Let us suppose our traveler to be concerned in some commerce which brought him to the centres of local government throughout the Western Empire. Let him have to visit Paris, Toledo, Ravenna, Arles. He has, let us say, successfully negotiated some business in Spain, which has necessitated his obtaining official documents. He must, that is, come into touch with officials and with the actual Government in Spain. Two hundred years before he would have seen the officials of, and got his papers from, a government directly dependent upon Rome. The name of the Emperor alone would have appeared on all the papers and his effigy on the seals. Now, in the sixth century, the papers are made out in the old official way and (of course) in Latin, all the public forces are still Roman, all the civilization has still the same unaltered Roman character; has anything changed at all?
Let us see.
To get his papers in the Capital he will be directed to the "Palatium." This word does not mean "Palace."
When we say "palace" today we mean the house in which lives the real or nominal ruler of a monarchical state. We talk of Buckingham Palace, St. James' Palace, the Palace in Madrid, and so on.
But the original word Palatium had a very different meaning in late Roman society. It signified the official seat of Government, and in particular the centre from which the writs for Imperial taxation were issued, and to which the proceeds of that taxation were paid. The name was originally taken from the Palatine Hill in Rome, on which the Cæsars had their private house. As the mask of private citizenship was gradually thrown off by the Emperors, six hundred to five hundred years before, and as the commanders-in-chief of the Roman Army became more and more true and absolute sovereigns, their house became more and more the official centre of the Empire.
The term "Palatium" thus became consecrated to a particular use. When the centre of Imperial power was transferred to Byzantium the word "Palatium" followed it; and at last it was applied to local centres as well as to the Imperial city. In the laws of the Empire then, in its dignities and honors, in the whole of its official life, the Palatium means the machine of government, local or imperial. Such a traveler as we have imagined in the middle of the sixth century comes, then, to that Spanish Palatium from which, throughout the five centuries of Imperial rule, the Spanish Peninsular had been locally governed. What would he find?
He would find, to begin with, a great staff of clerks and officials, of exactly the same sort as had always inhabited the place, drawing up the same sort of documents as they had drawn up for generations, using certain fixed formulæ, and doing everything in the Latin tongue. No local dialect was yet of the least importance. But he would also find that the building was used for acts of authority, and that these acts were performed in the name of a certain person (who was no longer the old Roman Governor) and his Council. It was this local person's name, rather than the Emperor's, which usually - or at any rate more and more frequently - appeared on the documents.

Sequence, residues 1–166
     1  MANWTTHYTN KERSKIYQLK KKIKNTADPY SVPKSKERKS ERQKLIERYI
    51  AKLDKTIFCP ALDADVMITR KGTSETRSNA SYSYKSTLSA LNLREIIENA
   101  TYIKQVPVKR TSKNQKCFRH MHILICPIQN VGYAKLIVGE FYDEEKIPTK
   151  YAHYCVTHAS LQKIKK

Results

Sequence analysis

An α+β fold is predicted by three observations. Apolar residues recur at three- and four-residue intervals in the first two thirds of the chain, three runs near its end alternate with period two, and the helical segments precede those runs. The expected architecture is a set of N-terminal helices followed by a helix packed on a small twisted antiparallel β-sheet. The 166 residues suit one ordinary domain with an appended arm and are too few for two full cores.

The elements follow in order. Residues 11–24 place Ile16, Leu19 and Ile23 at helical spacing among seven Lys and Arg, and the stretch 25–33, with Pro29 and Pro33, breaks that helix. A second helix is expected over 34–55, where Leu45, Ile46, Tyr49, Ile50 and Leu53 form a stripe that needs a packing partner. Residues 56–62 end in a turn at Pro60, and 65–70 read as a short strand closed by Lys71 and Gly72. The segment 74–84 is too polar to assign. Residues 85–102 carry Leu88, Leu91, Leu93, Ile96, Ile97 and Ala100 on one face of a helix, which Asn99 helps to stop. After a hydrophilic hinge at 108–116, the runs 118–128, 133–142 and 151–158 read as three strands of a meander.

Let us look closely at this new person seated in authority over Spain, and at his Council: for from such men as he, and from the districts they ruled, the nations of our time and their royal families were to spring.
The first thing that would be noticed on entering the presence of this person who governed Spain, would be that he still had all the insignia and manner of Roman Government.
He sat upon a formal throne as the Emperor's delegate had sat: the provincial delegate of the Emperor. On official occasions he would wear the official Roman garments: the orb and the sceptre were already his symbols (we may presume) as they had been those of the Emperor and the Emperor's local subordinates before him. But in two points this central official differed from the old local Governor whom he exactly succeeded, and upon whose machinery of taxation he relief for power.
These two points were, first, that he was surrounded by a very powerful and somewhat jealous body of Great Men; secondly, that he did not habitually give himself an imperial Roman title, but was called Rex.
Let us consider these points separately.
As to the first point, the Emperor in Byzantium, and before that in Rome or at Ravenna, worked, as even absolute power must work, through a multitude of men. He was surrounded by high dignitaries, and there devolved from him a whole hierarchy of officials, with the most important of whom he continually consulted. But the Emperor had not been officially and regularly bound in with such a Council. His formulæ of administration were personal formulæ. Now and then he mentioned his great officials, but he only mentioned them if he chose.
This new local person, who had been very gradually and almost unconsciously substituted for the old Roman Governors, the Rex, was, on the contrary, a part of his own Council, and all his formulæ of administration mentioned the Council as his coadjutors and assessors in administration. This was necessary above all (a most important point) in anything that regarded the public funds.